Breached in 30 seconds

BREACH allows an attacker to read encrypted messages over the Web.
BREACH allows an attacker to read encrypted messages over the Web.

A new hacking technique, called BREACH, can lift private data that is critical to securing online banking and shopping from an HTTPS channel - in as little as 30 seconds.

According to Threatpost, researchers at Black Hat showed how BREACH can extract session ID numbers, e-mail addresses, security credentials, login tokens and other sensitive information from SSL/TLS encrypted Web traffic.

BREACH stands for "browser reconnaissance and exfiltration via adaptive compression of hypertext". It allows an attacker to read encrypted messages over the Web by injecting plaintext into an HTTPS request and then measuring compression changes.

HTTPS connections are used to protect the traffic of secure communications, such as banking systems and e-commerce platforms. A BREACH attack allows hackers to access sensitive information encrypted in the traffic - the technique doesn't decrypt all the traffic, but rather manipulates data compression to exfiltrate pieces of specific information.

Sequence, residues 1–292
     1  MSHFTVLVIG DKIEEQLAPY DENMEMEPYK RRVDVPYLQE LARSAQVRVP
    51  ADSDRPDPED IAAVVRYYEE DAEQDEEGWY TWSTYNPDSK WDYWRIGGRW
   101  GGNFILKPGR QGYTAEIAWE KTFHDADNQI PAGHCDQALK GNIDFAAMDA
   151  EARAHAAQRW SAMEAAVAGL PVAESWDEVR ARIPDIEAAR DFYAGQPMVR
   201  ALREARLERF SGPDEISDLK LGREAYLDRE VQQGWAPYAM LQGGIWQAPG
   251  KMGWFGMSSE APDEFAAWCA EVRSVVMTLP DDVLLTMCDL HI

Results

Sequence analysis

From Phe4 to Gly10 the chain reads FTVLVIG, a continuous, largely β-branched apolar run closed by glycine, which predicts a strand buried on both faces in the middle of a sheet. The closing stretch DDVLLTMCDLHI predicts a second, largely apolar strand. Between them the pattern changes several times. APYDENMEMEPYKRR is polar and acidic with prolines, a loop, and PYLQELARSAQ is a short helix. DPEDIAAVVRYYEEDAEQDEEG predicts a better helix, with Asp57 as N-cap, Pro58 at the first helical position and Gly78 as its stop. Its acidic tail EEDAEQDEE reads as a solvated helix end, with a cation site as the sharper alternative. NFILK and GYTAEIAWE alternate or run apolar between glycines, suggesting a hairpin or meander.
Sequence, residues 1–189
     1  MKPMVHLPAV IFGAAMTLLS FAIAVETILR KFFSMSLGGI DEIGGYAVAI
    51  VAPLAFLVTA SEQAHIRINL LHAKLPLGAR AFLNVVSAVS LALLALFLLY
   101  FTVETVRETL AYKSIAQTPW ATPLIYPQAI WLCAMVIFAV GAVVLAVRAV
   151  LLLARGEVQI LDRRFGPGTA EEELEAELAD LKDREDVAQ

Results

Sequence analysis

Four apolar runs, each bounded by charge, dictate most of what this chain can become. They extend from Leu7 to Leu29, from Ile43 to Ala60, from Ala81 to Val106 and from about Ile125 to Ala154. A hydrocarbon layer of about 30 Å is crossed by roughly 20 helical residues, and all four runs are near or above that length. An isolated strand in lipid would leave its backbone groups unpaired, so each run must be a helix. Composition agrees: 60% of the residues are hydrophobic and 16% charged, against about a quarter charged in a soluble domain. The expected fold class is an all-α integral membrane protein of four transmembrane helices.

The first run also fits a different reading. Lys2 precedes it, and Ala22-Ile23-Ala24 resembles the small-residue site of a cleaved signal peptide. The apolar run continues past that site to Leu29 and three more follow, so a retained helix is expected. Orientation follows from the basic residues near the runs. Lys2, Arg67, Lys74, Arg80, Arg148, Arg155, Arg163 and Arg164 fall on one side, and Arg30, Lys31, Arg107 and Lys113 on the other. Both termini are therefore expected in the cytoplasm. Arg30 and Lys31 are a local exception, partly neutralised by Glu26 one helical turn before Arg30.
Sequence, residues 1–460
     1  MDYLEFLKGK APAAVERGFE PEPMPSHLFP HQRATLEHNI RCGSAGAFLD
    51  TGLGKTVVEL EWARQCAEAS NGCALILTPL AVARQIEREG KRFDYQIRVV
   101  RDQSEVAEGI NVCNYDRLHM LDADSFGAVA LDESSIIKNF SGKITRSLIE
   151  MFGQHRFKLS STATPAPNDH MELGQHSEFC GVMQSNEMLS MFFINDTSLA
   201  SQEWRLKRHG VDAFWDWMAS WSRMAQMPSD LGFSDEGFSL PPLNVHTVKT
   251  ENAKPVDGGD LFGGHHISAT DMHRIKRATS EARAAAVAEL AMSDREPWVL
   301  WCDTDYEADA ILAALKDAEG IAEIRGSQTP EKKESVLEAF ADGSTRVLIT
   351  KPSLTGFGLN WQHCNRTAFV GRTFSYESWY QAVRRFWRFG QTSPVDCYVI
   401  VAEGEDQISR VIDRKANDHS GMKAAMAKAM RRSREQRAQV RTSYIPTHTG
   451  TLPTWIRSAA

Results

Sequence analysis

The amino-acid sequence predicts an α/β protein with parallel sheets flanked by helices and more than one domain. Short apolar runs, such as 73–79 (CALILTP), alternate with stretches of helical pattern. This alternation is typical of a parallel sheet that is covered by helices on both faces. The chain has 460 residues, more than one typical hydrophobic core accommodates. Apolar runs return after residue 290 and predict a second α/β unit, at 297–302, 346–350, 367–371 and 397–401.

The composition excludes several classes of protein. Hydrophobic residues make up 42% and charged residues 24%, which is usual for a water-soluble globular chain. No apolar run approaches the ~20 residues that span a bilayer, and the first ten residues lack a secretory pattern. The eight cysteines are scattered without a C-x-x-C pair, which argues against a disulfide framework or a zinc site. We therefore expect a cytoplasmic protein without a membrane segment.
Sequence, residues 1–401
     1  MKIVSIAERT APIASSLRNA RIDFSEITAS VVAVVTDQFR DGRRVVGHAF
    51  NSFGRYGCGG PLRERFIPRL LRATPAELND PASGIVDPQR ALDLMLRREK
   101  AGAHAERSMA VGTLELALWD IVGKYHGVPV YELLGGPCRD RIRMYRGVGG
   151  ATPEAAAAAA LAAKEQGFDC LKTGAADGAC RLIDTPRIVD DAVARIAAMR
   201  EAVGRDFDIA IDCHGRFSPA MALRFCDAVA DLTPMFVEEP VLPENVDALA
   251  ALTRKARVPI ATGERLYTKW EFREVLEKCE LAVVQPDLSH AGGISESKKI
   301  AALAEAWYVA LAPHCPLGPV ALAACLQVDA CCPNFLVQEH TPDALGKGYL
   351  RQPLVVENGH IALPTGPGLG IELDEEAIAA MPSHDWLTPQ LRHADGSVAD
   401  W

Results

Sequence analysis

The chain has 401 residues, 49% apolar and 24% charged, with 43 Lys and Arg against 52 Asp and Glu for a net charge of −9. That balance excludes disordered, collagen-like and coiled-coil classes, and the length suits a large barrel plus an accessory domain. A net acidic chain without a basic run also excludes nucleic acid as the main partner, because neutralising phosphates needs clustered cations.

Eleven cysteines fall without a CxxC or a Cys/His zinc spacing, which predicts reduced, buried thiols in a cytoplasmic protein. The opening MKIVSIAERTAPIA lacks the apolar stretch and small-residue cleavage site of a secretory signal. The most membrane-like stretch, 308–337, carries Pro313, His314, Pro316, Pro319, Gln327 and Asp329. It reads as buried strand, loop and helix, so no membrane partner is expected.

Security researchers Angelo Prado and Yoel Gluck, from salesforce.com, and Neal Harris, from Square, demonstrated the attack against Outlook Web Access at Black Hat, in Las Vegas, last week.

Mitigating against BREACH

* Disable HTTP compression.
* Separate the secrets from the user input.
* Randomise the secrets in each client request.
* Mask secrets (effectively randomising by XORing with a random secret per request).
* Protect Web pages from CSRF attacks.
* Obfuscate the length of Web responses by adding random amounts of arbitrary bytes.

BREACH is thought to be an extension of CRIME - compression ratio info-leak made easy - a past security exploit against secret Web cookies over connections using the HTTPS and SPDY protocols that also use data compression.

When used to recover the content of secret authentication cookies, CRIME allowed an attacker to perform session hijacking on an authenticated Web session, which allowed the launching of further attacks.

A cert advisory, released shortly after Black Hat, said at present, it did not know of a "practical solution" to problem, but there are several means for mitigating the vulnerability, some of which will protect entire applications, while others will only protect individual Web pages.

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